Update Feb. 21, 2010:
The bulldozers were approaching Holy Trinity Cathedral and were stopped in time. There is a movement afoot to save as many of the famous frescoes as possible. The Haitian Culture Minister is trying to put together an evaluation of how to save the cultural heritage of the country, a tremendous undertaking.
There are also groups trying to replace concert halls and musical instruments at Holy Trinity and other music schools in the country.
You don't normally think of Haiti when you think of Christmas, but think "folk art" and it makes more sense.
There are two voodoo masks (gifts), two iron candle stands, two eggs painted wth Haitian naive art, two small wooden statues (gifts) and a lovely carved wood Nativity scene with a wooden bowl for Christmas treats.
The gift shop at Ecole Ste. Trinite, the school attached to the Episcopal Cathedral is a terrific place to do your shopping.
This is a closer look at the hand carved Haitian Nativity scene. They are sold at the Gift Shop attached to Ecole Ste. Trinite and come in two sizes. This is the smaller one and I treasure it.
The gift shop is right downtown PAP a few blocks from the Haitian "white" house and the Cathedral is certainly worth a visit. The inside is covered with original Haitian murals and many windows are clay carvings. There is a music school attached to the primary school and they have an excellent classical music program there. The concert hall, Salle Ste. Cecile, is the most accoustically perfect building in the entire country.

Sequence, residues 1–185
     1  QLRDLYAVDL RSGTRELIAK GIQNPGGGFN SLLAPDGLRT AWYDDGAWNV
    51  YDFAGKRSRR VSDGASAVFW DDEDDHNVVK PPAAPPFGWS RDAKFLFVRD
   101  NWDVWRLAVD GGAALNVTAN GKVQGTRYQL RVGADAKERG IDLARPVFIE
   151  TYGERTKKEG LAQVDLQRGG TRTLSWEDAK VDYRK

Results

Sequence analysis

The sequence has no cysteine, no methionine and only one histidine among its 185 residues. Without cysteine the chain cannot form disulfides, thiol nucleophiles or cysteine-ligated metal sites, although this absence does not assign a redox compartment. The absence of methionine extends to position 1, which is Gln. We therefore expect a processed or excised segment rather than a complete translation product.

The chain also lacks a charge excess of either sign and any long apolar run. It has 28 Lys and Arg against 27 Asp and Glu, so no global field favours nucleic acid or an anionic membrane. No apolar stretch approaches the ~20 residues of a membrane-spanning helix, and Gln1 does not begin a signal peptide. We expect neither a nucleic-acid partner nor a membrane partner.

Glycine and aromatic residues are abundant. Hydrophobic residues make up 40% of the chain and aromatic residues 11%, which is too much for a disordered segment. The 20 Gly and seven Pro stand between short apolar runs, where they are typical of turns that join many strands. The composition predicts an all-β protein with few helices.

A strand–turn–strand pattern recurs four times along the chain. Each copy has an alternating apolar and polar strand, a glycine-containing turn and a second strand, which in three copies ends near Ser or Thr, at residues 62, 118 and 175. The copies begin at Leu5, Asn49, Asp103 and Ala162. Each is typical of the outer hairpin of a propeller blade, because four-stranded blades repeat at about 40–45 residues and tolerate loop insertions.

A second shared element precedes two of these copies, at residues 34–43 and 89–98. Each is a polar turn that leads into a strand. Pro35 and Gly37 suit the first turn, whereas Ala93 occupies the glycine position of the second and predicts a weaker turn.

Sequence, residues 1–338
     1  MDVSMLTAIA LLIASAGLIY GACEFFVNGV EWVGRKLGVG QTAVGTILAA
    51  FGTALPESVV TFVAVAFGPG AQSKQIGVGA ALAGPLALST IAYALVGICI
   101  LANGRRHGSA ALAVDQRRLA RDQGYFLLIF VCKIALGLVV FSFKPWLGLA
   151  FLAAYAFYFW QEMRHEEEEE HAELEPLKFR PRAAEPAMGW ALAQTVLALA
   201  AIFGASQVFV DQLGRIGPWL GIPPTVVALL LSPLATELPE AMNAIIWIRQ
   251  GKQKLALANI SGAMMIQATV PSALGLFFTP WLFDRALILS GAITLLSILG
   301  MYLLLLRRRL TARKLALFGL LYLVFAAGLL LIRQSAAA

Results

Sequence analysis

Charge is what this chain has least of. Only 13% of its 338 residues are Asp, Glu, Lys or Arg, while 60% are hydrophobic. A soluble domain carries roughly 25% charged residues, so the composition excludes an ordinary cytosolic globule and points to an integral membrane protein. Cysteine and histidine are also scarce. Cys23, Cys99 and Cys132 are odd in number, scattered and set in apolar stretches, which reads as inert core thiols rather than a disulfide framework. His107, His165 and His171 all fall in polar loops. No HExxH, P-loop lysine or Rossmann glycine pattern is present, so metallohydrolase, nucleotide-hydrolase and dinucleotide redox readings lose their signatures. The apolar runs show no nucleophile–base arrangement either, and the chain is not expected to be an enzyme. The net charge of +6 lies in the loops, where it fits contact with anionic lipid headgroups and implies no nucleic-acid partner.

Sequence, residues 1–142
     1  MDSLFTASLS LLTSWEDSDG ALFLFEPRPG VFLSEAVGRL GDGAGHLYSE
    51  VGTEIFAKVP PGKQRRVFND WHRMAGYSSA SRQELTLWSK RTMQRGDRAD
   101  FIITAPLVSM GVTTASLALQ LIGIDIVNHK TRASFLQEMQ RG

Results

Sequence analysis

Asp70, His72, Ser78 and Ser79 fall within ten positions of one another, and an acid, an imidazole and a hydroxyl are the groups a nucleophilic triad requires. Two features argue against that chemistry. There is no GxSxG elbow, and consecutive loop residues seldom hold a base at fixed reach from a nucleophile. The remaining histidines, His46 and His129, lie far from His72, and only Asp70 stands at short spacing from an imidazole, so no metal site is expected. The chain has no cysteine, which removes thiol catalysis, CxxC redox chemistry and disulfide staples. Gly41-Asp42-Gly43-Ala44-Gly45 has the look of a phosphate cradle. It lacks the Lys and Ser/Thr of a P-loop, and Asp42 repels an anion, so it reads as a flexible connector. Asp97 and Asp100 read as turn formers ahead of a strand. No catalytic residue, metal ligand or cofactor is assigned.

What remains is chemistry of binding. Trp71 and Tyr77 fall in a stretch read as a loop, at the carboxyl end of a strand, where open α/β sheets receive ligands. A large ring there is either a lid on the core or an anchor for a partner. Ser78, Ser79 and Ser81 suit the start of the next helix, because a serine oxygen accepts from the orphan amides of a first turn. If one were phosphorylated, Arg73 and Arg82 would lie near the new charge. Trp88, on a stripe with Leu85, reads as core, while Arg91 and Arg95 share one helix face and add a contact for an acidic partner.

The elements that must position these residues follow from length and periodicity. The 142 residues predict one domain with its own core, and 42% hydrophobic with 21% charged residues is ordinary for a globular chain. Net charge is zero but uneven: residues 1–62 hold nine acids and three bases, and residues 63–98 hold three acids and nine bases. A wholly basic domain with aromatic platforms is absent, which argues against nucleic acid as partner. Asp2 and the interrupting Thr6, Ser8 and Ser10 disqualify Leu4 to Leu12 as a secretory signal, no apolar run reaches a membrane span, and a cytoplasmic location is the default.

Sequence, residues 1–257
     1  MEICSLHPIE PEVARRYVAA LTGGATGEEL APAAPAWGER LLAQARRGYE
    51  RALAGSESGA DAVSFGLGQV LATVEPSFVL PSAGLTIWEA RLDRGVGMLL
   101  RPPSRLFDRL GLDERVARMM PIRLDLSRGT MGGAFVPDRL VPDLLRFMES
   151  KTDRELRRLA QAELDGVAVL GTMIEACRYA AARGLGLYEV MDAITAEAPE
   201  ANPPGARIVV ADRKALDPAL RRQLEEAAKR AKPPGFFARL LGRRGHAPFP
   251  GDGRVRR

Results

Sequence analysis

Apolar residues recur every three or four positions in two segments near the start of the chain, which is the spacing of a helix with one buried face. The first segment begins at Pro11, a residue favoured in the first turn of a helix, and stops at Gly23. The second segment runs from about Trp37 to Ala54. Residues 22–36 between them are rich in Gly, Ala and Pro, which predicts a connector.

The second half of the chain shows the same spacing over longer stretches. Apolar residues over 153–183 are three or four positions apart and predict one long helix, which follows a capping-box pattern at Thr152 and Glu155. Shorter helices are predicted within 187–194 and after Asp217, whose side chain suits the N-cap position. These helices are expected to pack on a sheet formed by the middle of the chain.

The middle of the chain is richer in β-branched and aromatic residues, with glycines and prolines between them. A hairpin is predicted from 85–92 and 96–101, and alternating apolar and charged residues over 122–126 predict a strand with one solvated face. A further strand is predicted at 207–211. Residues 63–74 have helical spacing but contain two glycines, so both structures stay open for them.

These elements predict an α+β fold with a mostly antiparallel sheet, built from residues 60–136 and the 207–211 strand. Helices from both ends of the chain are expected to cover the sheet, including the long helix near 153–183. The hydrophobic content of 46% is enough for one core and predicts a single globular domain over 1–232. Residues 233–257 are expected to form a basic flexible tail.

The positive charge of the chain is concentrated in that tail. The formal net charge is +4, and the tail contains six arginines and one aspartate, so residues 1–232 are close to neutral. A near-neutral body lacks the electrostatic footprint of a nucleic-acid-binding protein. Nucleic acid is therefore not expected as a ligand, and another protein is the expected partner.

If you manage to visit the Cathedral during the wedding (or funeral) of an orchestra member, you will hear the service performed by a full orchestra and chorus. It is an amazing experience.
Drive up the hill toward Kenscoff, out of the noisy city and this is what you'll find. The countryside is magical. It is lovely and green and the people are incredibly friendly.
Each little town specializes in something and often it is a particular kind of candy. As you drive into town, market women will wave to your car hoping you'll stop and buy some. Do because it is all wonderful. Be sure you bargain with them. They expect it and it's all part of the fun.
There will be crafts, paintings and various foods available in the markets in each town. These are fun to explore on foot.
- Pros:Spectacular scenery and warm-hearted people
- Cons:Grinding poverty and political unrest
- In a nutshell:Be flexible and willing to explore a different world
Update: Unfortunately the church of Notre Dame in Petit Goave was completely destroyed in the 2010 earthquake. This is... more travel advice
Update: Most unfortunately the Episcopal Cathedral of the Holy Trinity was completely destroyed in the earthquake. Only... more travel advice